Feeds

NASA wants space washing machine for ISS, Mars bases

'Nauts stinky knickers cram station for months on end

Top 5 reasons to deploy VMware with Tegile

NASA have moved at last to tackle the problem of dirty astronauts by commissioning a microwave with air-jets to clean underwear in space.

There are no washing machines on the International Space Station so grime-encrusted nauts will wear underwear for 3-4 days and other items of clothing for months, before disposing of the dirty laundry by hurling it into the atmosphere to burn up in old Progress cargo capsules, attempting to wash it in a plastic bag or even - yuck - using it to grow plants in.

The costs of sending anything into space - between $5,000 and $10,000 per 500g - limits the amount of clean knickers that can be sent up in the first place.

NASA have selected small disinfectant business UMPQUA to make a prototype of a low-water, low-power washing machine that could enable the laundry to be done 250 miles above the earth's surface - or much further afield, on deep space craft or in bases on the Moon or Mars. The new NASA research contract is to produce:

Flight Hardware for long duration human missions beyond low Earth orbit ... The system is suitable for use in any long term space mission where resupply logistics preclude routine delivery of fresh crew clothing and removal of disposable clothing articles. While the proposed laundry system is microgravity compatible, the system will be completely functional in reduced gravity environments.

The machine proposed by Oregon-based company would use jets of vapour, air and microwave rays to clean clothes. The proposal indicate that it achieves "greatly enhanced softness" over the traditional low-water vacuum pressing methods.

The laundry microwaves could be useful on Earth too the manufacturers suggest, saying they'd work well in isolated military outposts, research stations and on ships.

UMPQUA also have a second potential contract with NASA - for an efficient poo-burner or a Highly Efficient Fecal Waste Incinerator. ®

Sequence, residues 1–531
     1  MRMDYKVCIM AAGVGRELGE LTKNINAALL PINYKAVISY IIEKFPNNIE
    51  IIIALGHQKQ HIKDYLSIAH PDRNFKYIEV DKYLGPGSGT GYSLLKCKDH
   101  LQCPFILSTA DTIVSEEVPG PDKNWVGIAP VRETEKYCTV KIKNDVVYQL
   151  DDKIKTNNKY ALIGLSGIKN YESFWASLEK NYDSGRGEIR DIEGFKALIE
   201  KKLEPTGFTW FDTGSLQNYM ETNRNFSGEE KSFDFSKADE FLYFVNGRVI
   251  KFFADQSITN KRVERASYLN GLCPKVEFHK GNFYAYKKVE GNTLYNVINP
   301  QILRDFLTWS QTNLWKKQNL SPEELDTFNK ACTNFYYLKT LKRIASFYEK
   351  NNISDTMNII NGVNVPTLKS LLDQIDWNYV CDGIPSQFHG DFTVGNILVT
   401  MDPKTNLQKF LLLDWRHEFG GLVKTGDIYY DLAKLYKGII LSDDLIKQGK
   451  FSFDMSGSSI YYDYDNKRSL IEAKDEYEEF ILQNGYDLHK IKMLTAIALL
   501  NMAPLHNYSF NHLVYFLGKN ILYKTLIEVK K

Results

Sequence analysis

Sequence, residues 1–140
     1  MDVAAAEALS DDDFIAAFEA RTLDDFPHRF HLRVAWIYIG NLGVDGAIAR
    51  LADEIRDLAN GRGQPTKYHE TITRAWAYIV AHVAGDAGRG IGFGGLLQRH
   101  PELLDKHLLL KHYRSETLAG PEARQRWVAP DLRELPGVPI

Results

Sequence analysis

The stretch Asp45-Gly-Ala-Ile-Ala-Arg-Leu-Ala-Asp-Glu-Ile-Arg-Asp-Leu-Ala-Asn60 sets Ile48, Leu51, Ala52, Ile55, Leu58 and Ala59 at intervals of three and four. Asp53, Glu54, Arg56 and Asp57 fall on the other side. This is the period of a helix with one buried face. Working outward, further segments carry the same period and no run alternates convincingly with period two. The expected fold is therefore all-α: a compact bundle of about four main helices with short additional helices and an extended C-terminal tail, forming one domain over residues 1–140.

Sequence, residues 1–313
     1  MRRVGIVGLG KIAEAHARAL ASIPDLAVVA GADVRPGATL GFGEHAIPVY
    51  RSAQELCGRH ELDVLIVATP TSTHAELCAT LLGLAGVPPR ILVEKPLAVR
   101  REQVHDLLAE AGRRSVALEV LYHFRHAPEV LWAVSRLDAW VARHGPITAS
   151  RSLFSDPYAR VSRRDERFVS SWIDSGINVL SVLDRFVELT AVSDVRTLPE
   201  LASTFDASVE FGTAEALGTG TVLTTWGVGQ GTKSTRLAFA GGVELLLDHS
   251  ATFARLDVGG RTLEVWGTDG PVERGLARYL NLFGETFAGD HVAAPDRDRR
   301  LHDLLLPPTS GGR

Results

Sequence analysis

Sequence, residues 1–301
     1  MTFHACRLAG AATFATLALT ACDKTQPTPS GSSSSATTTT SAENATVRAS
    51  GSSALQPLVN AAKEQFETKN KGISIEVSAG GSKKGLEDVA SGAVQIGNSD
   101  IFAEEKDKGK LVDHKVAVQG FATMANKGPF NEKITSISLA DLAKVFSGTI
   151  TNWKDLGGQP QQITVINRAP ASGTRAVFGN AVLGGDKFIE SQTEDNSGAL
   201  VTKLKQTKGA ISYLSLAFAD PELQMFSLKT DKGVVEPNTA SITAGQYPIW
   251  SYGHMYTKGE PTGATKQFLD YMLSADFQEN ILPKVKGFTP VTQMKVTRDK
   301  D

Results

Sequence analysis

Beginner's guide to SSL certificates

More from The Register

next story
PORTAL TO ELSEWHERE scried in small galaxy far, far away
Supermassive black hole dominates titchy star formation
Boffins say they've got Lithium batteries the wrong way around
Surprises at the nano-scale mean our ideas about how they charge could be all wrong
Edge Research Lab to tackle chilly LOHAN's final test flight
Our US allies to probe potential Vulture 2 servo freeze
Europe prepares to INVADE comet: Rosetta landing site chosen
No word yet on whether backup site is labelled 'K'
Cracked it - Vulture 2 power podule fires servos for 4 HOURS
Pixhawk avionics juice issue sorted, onwards to Spaceport America
prev story

Whitepapers

Secure remote control for conventional and virtual desktops
Balancing user privacy and privileged access, in accordance with compliance frameworks and legislation. Evaluating any potential remote control choice.
Intelligent flash storage arrays
Tegile Intelligent Storage Arrays with IntelliFlash helps IT boost storage utilization and effciency while delivering unmatched storage savings and performance.
WIN a very cool portable ZX Spectrum
Win a one-off portable Spectrum built by legendary hardware hacker Ben Heck
High Performance for All
While HPC is not new, it has traditionally been seen as a specialist area – is it now geared up to meet more mainstream requirements?
Beginner's guide to SSL certificates
De-mystify the technology involved and give you the information you need to make the best decision when considering your online security options.